Michigan captain Beth Jackson listens to coaches' instructions during Tuesday's
practice for the NCAA swimming and diving championships.
Wolven*es can wi t*all
Olympl tnls arefogotten

needs. In addition, he said the Wild-
cats are a team that might surprise
some people. Richardson also expects
Georgia, who did not shave for the
Southeastern conference tournament,
to peak this weekend.
Michigan must do well in the relays
because the relays count for double
the points. of individual events,
Richardson said. In addition, he talked
about the importance of having good
swims from as many people as pos-
sible. Finally, Richardson hopes that
injured Wolverines, like senior cap-
tain Beth Jackson and junior Rachel
Gustin, will be ready for the meet.
"We started swimming really well
at the Big Tens,"junior Anne Kampfe
See SWIMMING, Page 16A

RYAN
WHITE
White on
Target

You see, that
fourth-place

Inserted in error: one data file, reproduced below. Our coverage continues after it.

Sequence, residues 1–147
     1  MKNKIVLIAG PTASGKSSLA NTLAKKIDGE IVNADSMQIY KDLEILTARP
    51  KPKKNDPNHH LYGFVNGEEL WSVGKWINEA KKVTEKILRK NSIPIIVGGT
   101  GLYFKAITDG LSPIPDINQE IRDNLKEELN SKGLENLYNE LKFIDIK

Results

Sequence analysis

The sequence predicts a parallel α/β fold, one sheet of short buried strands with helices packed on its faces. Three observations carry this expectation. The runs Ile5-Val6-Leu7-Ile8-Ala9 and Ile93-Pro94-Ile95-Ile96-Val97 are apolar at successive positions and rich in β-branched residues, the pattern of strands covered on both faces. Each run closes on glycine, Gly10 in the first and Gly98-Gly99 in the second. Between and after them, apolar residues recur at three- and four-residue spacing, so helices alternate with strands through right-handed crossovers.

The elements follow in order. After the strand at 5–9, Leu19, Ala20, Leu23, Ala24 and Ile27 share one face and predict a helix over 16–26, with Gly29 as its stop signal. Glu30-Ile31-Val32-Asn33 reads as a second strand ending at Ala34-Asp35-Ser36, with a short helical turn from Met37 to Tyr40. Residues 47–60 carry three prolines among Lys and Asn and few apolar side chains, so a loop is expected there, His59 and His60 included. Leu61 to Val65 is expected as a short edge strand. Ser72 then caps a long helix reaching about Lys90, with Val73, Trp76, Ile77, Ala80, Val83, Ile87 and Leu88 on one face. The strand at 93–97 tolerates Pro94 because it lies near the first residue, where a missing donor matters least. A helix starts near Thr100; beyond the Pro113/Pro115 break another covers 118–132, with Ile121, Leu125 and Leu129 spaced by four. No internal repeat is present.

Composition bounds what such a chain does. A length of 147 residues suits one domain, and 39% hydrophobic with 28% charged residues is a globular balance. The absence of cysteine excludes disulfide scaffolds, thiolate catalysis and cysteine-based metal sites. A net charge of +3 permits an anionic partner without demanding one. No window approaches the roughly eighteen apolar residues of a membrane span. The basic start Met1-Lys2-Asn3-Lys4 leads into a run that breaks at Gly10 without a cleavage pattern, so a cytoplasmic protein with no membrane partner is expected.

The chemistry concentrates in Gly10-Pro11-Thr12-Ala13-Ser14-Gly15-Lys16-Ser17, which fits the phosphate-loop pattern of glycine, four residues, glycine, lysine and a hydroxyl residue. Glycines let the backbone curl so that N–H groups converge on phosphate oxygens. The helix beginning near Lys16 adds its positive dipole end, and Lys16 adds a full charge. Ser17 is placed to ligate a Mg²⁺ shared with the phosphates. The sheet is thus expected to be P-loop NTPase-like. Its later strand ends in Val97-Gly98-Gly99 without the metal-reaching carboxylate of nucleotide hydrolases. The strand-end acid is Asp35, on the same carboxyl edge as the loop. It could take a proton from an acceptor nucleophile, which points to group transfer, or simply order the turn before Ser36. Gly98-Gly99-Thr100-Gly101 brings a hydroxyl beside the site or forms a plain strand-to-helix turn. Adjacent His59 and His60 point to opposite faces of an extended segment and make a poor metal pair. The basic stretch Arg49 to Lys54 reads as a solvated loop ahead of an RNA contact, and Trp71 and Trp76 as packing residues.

finish came
two weeks ago
at the Olympic
trials in
Indianapolis.
At the trials,
only the top
two competi-
tors in each
event go on to
represent their
country.
Everyone else

Olympic dream. Kampfe came the
closest.
One of the beauties of sports,
though, is there i always another
game, another time to compete.
So, two weeks after the biggest
individual event for American
swimmers, the Wolverines begin the
biggest team event of the year.
Tonight, the Michigan women's
swimming and diving team begins.
its quest for a national title.
How Kampfe and her teammates
put the disappointment of India-
napolis behind them could well
determine how the Wolverines do
this weekend at Canham Natato-
rium.
My bet is they'll do just fine.
Last year Michigan finished
second in the country after leading
the meet for its first three days.
Stanford took the lead on the final
day and went on to beat the Wolver-
See WHITE, Page 16A

goes home disappointed.
Fourteen of Michigan's best
women's swimmers went to
Indianapolis, and none realized their